Ministers mark world heritage success
10 March 2009
Culture Minister Michael Russell MSP and Barbara Follett MP, Minister for Culture, Creative Industries and Tourism, will today (Tuesday, March 10) visit the UK’s most recently inscribed World Heritage Site, The Antonine Wall.
The most northern frontier of the Roman Empire was named of global significance by UNESCO’s World Heritage Committee in July last year. This will be the first time that the two Culture Ministers have met.
Mr Russell said: “To this day the Romans are renowned for their designs and ambition, aspects that have as much in common with modern Scotland as it does with our history. Being able to stand here and still see the 2,000 year-old legacy of what they built allows us to truly comprehend what a breath-taking achievement this was.
“It is truly wonderful to see the children of Kinneil Primary School here learning about their history enthusiastically and celebrating it. We must aim to translate the international recognition the Wall now shares with other Frontiers across Europe with that same passion and enjoyment. Showcasing our culture and history is something we should all take pride in and the Antonine Wall, along with the many other events taking place for the Year of Homecoming, is a great example of that.
“The success of the Antonine Wall bid for World Heritage Site, the fifth in Scotland, was achieved with the support of many people, councils and organisations and I am delighted that so many are able to join me to welcome Barbara Follett to see the UK’s latest World Heritage Site for herself.”
Ms Follett said: “The Antonine Wall is the remains of one of the world's most important Roman frontiers. It is also a marvelous example of lasting historic construction and conservation.
"Much is being done to widen the public’s access to features of the Antonine Wall and to help them understand its significance as an historic monument and an economic; educational and social asset for the communities that live along it .
"It is rather wonderful to know that, centuries after its construction, people can come to the Antonine Wall see for themselves the furthest extent of the Roman Empire. This would not be possible without the dedicated efforts of the governments of the United Kingdom; Scotland and Germany who are just the latest in a long line of custodians of this wonderful monument.”
The nomination for World Heritage Site status began in March 2003 and involved the five local authorities along the line of the Wall - East Dunbartonshire, Falkirk, Glasgow, North Lanarkshire and West Dunbartonshire Councils. The Antonine Wall now joins Hadrian’s Wall and the German limes as part of the transnational Frontiers of the Roman Empire World Heritage Site.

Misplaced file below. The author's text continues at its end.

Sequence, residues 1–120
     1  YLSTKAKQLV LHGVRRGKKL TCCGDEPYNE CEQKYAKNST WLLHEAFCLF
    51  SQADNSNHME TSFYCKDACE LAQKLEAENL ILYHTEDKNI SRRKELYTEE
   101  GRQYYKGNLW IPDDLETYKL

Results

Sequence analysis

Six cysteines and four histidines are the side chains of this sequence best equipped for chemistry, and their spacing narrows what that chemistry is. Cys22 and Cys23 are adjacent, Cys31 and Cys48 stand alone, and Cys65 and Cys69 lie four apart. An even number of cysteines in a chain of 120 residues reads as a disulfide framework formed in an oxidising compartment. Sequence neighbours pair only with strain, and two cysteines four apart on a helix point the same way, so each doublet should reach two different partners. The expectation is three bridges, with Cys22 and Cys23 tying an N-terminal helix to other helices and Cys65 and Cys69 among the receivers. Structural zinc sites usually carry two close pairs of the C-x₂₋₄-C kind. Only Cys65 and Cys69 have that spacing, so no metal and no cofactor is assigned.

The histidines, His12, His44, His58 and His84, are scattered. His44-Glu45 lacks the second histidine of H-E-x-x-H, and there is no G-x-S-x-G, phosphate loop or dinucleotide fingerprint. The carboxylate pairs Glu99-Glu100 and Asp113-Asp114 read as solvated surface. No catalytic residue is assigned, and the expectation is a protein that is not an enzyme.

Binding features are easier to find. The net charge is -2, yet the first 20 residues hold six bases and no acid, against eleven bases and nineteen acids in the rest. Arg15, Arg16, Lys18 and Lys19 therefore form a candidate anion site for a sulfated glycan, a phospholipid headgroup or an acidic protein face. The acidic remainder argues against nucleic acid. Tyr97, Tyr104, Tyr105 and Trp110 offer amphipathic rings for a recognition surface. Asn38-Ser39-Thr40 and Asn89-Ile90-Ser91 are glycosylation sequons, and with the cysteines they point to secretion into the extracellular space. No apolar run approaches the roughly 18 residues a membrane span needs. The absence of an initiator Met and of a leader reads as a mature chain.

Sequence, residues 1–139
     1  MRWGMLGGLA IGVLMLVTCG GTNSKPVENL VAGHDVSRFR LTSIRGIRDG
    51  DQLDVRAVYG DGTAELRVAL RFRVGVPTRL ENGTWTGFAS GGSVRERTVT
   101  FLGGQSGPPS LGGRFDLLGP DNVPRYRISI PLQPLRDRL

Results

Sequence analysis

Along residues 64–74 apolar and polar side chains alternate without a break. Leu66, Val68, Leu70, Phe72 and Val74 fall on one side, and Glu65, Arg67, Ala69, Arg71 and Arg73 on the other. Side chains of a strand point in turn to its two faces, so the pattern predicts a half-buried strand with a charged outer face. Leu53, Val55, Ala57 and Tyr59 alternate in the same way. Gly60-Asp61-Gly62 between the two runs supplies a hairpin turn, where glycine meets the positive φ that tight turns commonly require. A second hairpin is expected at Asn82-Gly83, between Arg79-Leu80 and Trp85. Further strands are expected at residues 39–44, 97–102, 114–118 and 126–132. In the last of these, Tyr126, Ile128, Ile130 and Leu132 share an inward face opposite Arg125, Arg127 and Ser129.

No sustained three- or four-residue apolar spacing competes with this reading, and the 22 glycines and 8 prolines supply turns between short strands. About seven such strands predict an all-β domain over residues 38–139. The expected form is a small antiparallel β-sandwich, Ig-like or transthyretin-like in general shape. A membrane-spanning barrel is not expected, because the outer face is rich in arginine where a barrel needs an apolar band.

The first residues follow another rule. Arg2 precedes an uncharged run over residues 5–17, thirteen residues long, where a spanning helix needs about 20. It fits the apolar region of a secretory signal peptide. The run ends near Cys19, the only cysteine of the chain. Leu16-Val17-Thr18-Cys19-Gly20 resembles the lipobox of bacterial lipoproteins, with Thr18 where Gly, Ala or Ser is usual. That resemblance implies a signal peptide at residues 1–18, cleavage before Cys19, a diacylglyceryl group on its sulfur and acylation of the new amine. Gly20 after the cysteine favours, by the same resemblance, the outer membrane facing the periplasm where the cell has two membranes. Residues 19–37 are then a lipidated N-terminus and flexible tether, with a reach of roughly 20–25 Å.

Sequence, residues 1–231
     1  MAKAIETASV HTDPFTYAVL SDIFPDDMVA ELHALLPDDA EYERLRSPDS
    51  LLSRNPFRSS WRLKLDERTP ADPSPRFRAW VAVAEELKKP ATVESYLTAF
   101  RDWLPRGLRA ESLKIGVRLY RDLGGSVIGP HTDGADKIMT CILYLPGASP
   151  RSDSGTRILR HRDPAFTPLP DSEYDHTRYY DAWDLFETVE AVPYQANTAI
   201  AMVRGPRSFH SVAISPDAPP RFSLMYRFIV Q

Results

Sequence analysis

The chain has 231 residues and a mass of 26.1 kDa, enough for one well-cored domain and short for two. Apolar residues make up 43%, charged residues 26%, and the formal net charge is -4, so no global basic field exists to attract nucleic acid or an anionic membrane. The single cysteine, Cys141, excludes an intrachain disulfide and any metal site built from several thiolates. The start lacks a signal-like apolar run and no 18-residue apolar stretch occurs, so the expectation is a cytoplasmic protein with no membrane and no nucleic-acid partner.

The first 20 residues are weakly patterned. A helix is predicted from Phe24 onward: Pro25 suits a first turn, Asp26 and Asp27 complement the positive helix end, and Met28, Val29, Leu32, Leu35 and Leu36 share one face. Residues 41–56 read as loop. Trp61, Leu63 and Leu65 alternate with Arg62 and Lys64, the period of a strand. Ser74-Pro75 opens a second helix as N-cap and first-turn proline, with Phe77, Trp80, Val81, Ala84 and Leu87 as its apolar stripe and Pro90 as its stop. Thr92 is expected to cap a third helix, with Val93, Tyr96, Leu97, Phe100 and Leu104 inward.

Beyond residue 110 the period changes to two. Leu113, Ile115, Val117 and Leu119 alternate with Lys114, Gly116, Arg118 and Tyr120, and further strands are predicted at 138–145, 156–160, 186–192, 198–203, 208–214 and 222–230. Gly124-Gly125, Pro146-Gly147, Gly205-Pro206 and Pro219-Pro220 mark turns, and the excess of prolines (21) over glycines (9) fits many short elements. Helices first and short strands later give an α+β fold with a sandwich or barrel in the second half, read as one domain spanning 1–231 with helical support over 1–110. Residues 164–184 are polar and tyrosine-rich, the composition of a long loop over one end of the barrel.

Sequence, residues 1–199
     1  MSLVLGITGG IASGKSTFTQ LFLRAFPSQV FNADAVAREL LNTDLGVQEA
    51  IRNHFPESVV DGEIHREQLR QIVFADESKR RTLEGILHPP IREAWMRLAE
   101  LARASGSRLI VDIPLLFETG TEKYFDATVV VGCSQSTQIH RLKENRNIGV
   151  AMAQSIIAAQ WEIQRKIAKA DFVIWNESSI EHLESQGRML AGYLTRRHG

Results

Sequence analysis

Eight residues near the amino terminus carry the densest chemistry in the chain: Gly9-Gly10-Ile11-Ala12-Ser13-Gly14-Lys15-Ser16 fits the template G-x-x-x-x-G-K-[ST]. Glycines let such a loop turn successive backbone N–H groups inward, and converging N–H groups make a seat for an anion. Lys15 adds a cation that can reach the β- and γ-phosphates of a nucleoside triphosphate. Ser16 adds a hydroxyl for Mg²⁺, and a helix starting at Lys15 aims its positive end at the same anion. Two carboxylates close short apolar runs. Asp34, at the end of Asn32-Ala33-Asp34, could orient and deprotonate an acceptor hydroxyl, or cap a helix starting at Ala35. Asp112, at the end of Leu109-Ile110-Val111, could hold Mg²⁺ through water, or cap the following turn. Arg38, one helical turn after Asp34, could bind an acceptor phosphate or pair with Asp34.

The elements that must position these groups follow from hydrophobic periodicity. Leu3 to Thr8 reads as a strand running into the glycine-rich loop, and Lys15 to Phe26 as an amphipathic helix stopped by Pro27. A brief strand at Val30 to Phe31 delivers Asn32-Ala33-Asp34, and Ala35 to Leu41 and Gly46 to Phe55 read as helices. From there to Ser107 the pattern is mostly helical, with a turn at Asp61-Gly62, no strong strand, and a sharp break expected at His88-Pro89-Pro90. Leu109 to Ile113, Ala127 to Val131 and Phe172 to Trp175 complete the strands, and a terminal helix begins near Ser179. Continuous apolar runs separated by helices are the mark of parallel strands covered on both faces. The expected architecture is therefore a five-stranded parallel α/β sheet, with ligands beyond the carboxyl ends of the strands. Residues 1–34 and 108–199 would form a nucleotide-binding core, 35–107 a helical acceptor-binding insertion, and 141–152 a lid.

The Antonine Wall was the frontier built by the Roman army in the years following AD 140 on the orders of the Emperor Antoninus Pius. It ran for 40 Roman miles (60 km) from Bo’ness on the Firth of Forth to Old Kilpatrick on the River Clyde and consisted of a turf rampart fronted by a wide and deep ditch. Forts provided accommodation for the troops based on the Wall as well as points where the Wall could be crossed. They were linked by a road, known as the Military Way. The frontier was only occupied for about a generation before being abandoned in the 160s.
During its occupation it was the most northerly frontier of the Roman Empire, and, for its time, it was the most advanced frontier which the army had constructed.
Notes for editors
- Nearly one-quarter of the entire length of the Antonine Wall is in the care or ownership of central or local government. 58km of the 60km Wall survives either as impressive upstanding remains or below ground. Well preserved remains can be visited in most of the LA areas - East Dunbartonshire, Falkirk, Glasgow City, North Lanarkshire and West Dunbartonshire Councils
- The Antonine Wall became Scotland’s fifth World Heritage Site. The others are The Heart of Neolithic Orkney, Edinburgh Old and New Towns, New Lanark and St Kilda. The UK has 27 World Heritage Sites.
- Historic Scotland is an executive agency of the Scottish Government charged with safeguarding the nation’s historic environment. The agency is fully accountable to Scottish Ministers and through them to the Scottish Parliament. For more information visit www.historic-scotland.gov.uk.
- RCAHMS has worked with Historic Scotland on the nomination to produce a map of the Antonine Wall, showing its course on a modern base at a scale of 1:25,000 and including areas where it can be visited. The Map is now on sale from all good booksellers.
- The legal status of the Antonine Wall has not changed. The archaeological remains of the frontier are already protected through the Ancient Monuments and Archaeological Areas Act 1979 and the Town and Country Planning (Scotland) Act 1997, while the buffer zone is already designated as green belt or countryside land. It does not mean that development cannot take place near the Wall but that any which does must take account of its importance and does not damage the outstanding universal values of the World Heritage Site.
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